Despite years of planning for wave energy, and an optimistic pronouncement the plan could be done this spring, it will be another 12 to 18 months before Oregon offers permits for ocean energy development. Maybe longer.
In September 2008, OSU and Columbia Power Technologies completed a series of bay and ocean testing of a 10-kilowatt permanent magnet linear generator. Shown here is the 10-kilowatt buoy powering a 1.5-kilowatt navigational light in the waters off the coast of Newport.
Busch is critical of the process, even though it has nearly $400,000 in OWET funding behind it. He is particularly bothered that public meetings will not include the wave-energy industry, focusing instead on high- value fishing, traditional users and ecological health.
“It’s becoming increasingly open-ended. And that is unacceptable from the industry standpoint. If people think that we can just process this for two years and still get the benefits that we set out to get… we will not succeed,” he says. “We cannot have an interminable process and expect to attract jobs to this state. It just won’t happen.”
Aquamarine Power is free to apply for temporary permits for testing. But the company can lay no permanent claim to sites that test successfully and will lose the money spent testing if those sites aren’t on agreeable portions of the state’s map when it's released.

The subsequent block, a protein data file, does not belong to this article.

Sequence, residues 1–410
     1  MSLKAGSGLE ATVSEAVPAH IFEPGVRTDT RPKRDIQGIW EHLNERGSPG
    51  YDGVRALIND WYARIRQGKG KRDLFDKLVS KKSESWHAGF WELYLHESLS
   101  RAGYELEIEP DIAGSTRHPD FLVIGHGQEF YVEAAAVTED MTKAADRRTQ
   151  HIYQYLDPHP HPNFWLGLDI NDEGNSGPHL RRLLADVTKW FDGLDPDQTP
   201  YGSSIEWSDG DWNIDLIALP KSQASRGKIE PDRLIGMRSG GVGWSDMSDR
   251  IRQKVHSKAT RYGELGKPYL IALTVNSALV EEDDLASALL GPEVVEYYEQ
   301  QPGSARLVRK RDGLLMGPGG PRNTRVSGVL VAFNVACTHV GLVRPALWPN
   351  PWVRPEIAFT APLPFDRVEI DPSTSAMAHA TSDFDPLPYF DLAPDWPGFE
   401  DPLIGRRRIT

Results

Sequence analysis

As the industry increasingly views Aquamarine Power as the canary in the coal mine, the future looks like less of a sure thing than industry leaders once envisioned for Oregon.
So far, those companies have seen extensive support from OWET, which heavily recruited some to the state. OWET has also provided environmental and development research, as well as policy support and $496,000 in state grants to propel wave-energy projects closer to Oregon’s ocean.
It isn’t just these freebies that entice developers here. The state’s swath of sea has some of the best wave-development potential on the globe, owing to the force of the waves and the topography of the seafloor. That the coastline is also cradled by power lines that once served the timber industry adds attraction. Much onshore infrastructure is still needed to support ocean energy, but millions of dollars in transmission costs can be avoided by companies that tap what exists.
Including Aquamarine Power, nine companies are actively pursuing that goal. The list includes companies testing fledgling technologies in water tanks and in laboratories, ranging from Seattle-based Principal Power’s deep-water windmills to California-based Shift Power Solutions' Lego-like power modules, 36-by-36 inch blocks that can be built in infinite arrays near shore.
Companies in Oregon also include players with fully developed technologies such as Columbia Power Technologies, the Corvallis company that announced successful deployment of its first test buoy in Puget Sound March 8, and Ocean Power Technologies, a public company headquartered in the United Kingdom. It was OPT’s early advance on Oregon that galvanized the state’s planning process, so OPT will be grandfathered into the zoning maps when its first buoy hits the water near Reedsport this summer, following delays.
Other companies will have to wait. “We need to have a process they can look at and say, ‘This is what you’re going to have to do to get into our waters here,’” says Rep. Deborah Boone (D-Cannon Beach). She isn’t yet convinced the state is making things harder on the ocean energy industry, given that a process is in place to clarify a track. While that process remains uncertain, Boone says, “I do understand the businesses' frustration with that because they’re going to have a hard time getting financing.”